By BILL MORRIS 

November 17, 2022 

 

Under a new law — Local Law 18 — that goes into effect on Jan. 9, 2023, anyone seeking to rent out housing for fewer than 30 consecutive days in New York City will be required to register with the Mayor’s Office of Special Enforcement and obtain a registration number. Booking services such as Airbnb and Vrbo will then be required to verify the short-term rental registration number of any accommodation before listing it on their service.

“I love Local Law 18!” says Stuart Saft, a partner at the law firm Holland & Knight and the executive director of the Council of New York Cooperatives & Condominiums. “Building owners, including co-op and condo boards, can now register with the city to forbid short-term housing.”

In the past, Saft notes, keeping up with illegal rentals was a losing game of cat and mouse. “Board members would scour web listings trying to detect illegal short-term rentals in their buildings,” he says. “If a shareholder or unit-owner used the apartment as a hotel, we would write to Airbnb or some other service and point out that the renter can’t live there without the consent of the board. And we would prevent the renter from entering the building. It was time-consuming and costly.”

Local Law 18 does not change the underlying rules governing short-term rentals. In buildings with three or more units, it remains illegal to rent housing for fewer than 30 days if the owner or lease-holder is not present during the entire rental period.

But Ben Kallos, a former city council member who sponsored the original legislation, has estimated that more than 37,000 homes in the city will have to register with the Office of Special Enforcement under Local Law 18. A prime intent of the law is to fight the city’s chronic shortage of affordable housing.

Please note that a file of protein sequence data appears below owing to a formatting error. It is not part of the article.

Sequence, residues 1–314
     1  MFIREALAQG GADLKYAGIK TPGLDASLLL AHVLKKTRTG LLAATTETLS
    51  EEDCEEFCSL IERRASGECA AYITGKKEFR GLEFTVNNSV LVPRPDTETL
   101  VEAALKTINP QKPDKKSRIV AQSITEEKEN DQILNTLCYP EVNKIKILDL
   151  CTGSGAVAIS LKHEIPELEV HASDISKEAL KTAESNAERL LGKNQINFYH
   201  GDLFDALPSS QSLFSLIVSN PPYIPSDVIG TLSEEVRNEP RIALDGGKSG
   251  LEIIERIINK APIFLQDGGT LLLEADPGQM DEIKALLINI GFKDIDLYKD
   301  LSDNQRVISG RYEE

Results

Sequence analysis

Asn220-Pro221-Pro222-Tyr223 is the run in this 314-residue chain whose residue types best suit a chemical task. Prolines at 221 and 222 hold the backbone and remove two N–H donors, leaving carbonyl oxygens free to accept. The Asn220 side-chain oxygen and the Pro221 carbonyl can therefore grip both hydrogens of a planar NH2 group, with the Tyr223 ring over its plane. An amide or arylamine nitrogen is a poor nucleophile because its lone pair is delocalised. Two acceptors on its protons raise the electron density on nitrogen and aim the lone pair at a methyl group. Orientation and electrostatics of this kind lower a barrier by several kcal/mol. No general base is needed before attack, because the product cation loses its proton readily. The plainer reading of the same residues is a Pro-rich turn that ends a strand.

“Housing should be for New Yorkers, hotels should be for tourists,” Kallos states on his website. “We need every apartment being listed illegally back on the market to help our affordable housing crisis. At a time when hotels are closing or sitting there empty, it is crazy to see apartments all over the city getting converted into illegal (hotels).” 

Under Local Law 18, homeowners, co-op shareholders, condo unit-owners and renters will be required to certify that they are the legal owner or tenant, to designate an area for guests, to certify that hosting does not violate the terms of their lease or the law, and to provide the URL for any listings. The city, in turn, will confirm that the home is not in public housing, a rent-regulated apartment, city-subsidized housing or on the “prohibited buildings list” whose owners, including co-op and condo boards, have forbidden short-term rentals.

“In essence,” Saft says, “co-ops and condos can opt out of the system.”

Dennis DePaola, executive vice president at Orsid New York, predicts that the vast majority of the 200 co-ops and condos in the management company’s portfolio will do just that. “This law has been a long time coming, and our clients welcome it,” he says. “Critics feel it’s a law for the rich, but co-op and condo residents of all classes don’t want to endure living next to a hotel room.”

The law has teeth. Fines for hosts who break the rules would range from $1,000 to the lesser of $5,000 or three times revenue from illegal rentals. Fines for platforms would be limited to the higher of $1,500 or the total fees collected from illegal transactions.

Reactions to Local Law 18, the latest skirmish in the protracted war over short-term rentals, have been predictably divided. Airbnb has derided the new law as “draconian.” The Hotel Association of New York, on the other hand, said in a statement that it is “fully supportive” of the new rules. As Saft sees it, “It’s a major step up for everybody — except Airbnb.”